[ kram ]
See synonyms for cram on
verb (used with object),crammed, cram·ming.
  1. to fill (something) by force with more than it can easily hold.

  2. to force or stuff (usually followed by into, down, etc.).

  1. to fill with or as with an excessive amount of food; overfeed.

  2. Informal.

    • to prepare (a person), as for an exam, by having them memorize information within a short period of time.

    • to acquire knowledge of (a subject) by so preparing oneself.

  3. Archaic. to tell lies to.

verb (used without object),crammed, cram·ming.
  1. to eat greedily or to excess.

  2. to study for an examination by memorizing facts at the last minute.

  1. to press or force accommodation in a room, vehicle, etc., beyond normal or comfortable capacity; crowd; jam: The whole team crammed into the bus.

  1. Informal. the act of preparing for an exam by memorizing information within a short time period.

  2. an excessively full state.

  1. a dense crowd; throng.

Origin of cram

First recorded before 1000; Middle English crammen, Old English crammian “to stuff,” akin to crimman “to put in”

Other words for cram

Other words from cram

  • cram·ming·ly, adverb
  • well-crammed, adjective

Other definitions for Cram (2 of 2)

[ kram ]

  1. Ralph Adams, 1863–1942, U.S. architect and writer. Unabridged Based on the Random House Unabridged Dictionary, © Random House, Inc. 2023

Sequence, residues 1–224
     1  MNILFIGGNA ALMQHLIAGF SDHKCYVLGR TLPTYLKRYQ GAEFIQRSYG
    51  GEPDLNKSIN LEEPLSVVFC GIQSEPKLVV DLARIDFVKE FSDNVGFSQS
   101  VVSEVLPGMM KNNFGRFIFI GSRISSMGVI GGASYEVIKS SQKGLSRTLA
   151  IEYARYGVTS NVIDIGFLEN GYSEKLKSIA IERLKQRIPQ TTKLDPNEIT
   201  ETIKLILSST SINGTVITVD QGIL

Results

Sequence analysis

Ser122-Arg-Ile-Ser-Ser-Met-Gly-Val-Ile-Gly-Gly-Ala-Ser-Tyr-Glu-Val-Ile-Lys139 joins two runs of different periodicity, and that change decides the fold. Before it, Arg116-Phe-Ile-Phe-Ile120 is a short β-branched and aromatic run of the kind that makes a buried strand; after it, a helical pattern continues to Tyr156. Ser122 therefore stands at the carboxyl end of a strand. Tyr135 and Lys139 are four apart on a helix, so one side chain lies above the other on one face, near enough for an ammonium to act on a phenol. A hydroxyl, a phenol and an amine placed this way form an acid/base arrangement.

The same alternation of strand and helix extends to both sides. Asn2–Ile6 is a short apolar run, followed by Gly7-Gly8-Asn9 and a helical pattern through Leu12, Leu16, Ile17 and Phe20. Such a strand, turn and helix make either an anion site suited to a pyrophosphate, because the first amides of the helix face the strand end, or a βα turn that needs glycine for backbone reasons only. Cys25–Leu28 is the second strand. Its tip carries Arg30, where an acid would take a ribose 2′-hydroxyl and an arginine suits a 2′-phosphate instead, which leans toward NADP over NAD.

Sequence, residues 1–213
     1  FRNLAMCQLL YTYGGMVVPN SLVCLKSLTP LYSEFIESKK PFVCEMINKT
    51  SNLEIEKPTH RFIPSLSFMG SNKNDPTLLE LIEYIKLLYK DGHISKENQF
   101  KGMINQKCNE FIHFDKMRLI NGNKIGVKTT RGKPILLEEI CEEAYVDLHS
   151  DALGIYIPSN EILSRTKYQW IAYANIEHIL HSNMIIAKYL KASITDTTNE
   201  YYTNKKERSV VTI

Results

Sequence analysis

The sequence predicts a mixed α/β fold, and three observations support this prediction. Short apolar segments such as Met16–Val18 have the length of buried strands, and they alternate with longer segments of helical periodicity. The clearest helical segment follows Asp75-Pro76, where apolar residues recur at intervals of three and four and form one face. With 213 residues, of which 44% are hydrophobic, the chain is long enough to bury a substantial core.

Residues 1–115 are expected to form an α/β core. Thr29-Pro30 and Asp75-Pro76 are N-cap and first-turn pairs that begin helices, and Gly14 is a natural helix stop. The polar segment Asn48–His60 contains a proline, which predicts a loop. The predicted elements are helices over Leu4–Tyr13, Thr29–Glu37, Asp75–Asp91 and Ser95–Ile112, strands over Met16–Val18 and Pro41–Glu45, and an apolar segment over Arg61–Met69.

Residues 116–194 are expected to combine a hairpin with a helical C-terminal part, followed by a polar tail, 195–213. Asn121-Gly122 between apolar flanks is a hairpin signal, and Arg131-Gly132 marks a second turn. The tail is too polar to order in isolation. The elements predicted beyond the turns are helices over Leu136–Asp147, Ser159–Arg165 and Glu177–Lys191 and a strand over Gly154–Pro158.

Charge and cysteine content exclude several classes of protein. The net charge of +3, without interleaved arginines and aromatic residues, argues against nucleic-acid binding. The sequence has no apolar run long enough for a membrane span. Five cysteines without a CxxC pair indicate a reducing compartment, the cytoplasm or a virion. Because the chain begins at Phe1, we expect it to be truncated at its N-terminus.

How to use cram in a sentence

  • As often as not texts are like bags, and a man crams all his own rubbish into them, and expects you to take them together.

    Red Pottage | Mary Cholmondeley
  • If he has any money given him, he spends it all at once, and crams and eats till he can scarcely move.

British Dictionary definitions for cram (1 of 2)


/ (kræm) /

verbcrams, cramming or crammed
  1. (tr) to force (people, material, etc) into (a room, container, etc) with more than it can hold; stuff

  2. to eat or cause to eat more than necessary

  1. informal to study or cause to study (facts, etc), esp for an examination, by hastily memorizing

  1. the act or condition of cramming

  2. a crush

Origin of cram

Old English crammian; related to Old Norse kremja to press

British Dictionary definitions for Cram (2 of 2)


/ (kræm) /

  1. Steve. born 1960, English middle-distance runner: European 1500 m champion (1981, 1986); world 1500 m champion (1983)

Collins English Dictionary - Complete & Unabridged 2012 Digital Edition © William Collins Sons & Co. Ltd. 1979, 1986 © HarperCollins Publishers 1998, 2000, 2003, 2005, 2006, 2007, 2009, 2012